John M. Curatola, "Autumn of Our Discontent: Fall 1949 and the Crises in American National Security" (US Naval Institute Press, 2022)
Manage episode 341665794 series 2484522
In the Fall of 1949, a series of international events shattered the notion that the United States would return to its traditional small peacetime military posture following World War II. John M. Curatola's book Autumn of Our Discontent: Fall 1949 and the Crises in American National Security (US Naval Institute Press, 2022) chronicles the events that triggered the wholesale review of United States national security policies. The review led to the adoption of recommendations advanced in NSC-68, which laid the foundation for America's Cold War activities, expanded conventional forces, sparked a thermonuclear arms race, and, equally important to the modern age, established the national security state-all clear breaks from America's martial past and cornerstone ideologies.
In keeping with the American military tradition, the United States dismantled most of its military power following World War II while Americans, in general, enjoyed unprecedented post-war and peacetime prosperity. In the autumn of 1949, however, the Soviet's first successful test of their own atomic weapon in August was followed closely by establishment of the communist People's Republic of China on October 1st shattered the illusion that American hegemony would remain unchallenged. Combined with the decision at home to increase the size of the atomic stockpile on and the on-going debate regarding the "Revolt of the Admirals," the United States found itself facing a new round of crisis in what became the Cold War. Curatola explores these events and the debates surrounding them to provide a detailed history of an era critical to our own modern age. Indeed, the security state conceived of in the events of this critical autumn and the legacy of the choices made by American policymakers and military leaders continue to this day.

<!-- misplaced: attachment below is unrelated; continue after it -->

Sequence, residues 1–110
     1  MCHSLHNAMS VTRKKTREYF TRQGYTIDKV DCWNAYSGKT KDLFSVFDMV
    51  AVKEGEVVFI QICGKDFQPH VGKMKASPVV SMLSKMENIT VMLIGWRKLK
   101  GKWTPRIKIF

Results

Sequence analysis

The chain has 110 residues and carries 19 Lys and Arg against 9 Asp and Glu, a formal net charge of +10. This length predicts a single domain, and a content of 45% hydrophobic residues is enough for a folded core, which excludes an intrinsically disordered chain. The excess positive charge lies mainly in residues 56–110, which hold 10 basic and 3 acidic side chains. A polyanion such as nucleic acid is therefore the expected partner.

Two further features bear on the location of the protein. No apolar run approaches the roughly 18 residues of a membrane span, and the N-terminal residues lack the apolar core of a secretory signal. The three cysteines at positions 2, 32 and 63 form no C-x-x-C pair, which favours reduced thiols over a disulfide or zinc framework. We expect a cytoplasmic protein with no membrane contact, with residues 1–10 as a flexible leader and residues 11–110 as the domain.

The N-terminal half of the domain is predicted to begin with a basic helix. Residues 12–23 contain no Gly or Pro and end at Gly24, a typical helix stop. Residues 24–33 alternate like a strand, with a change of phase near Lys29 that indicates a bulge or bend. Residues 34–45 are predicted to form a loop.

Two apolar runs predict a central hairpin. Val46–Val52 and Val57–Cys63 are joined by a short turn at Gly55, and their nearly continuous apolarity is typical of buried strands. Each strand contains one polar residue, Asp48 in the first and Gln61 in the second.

Charles Coutinho, PH. D., Associate Fellow of the Royal Historical Society, received his doctorate from New York University. His area of specialization is 19th and 20th-century European, American diplomatic and political history. He has written for Chatham House’s International Affairs, the Institute of Historical Research's Reviews in History and the University of Rouen's online periodical Cercles.
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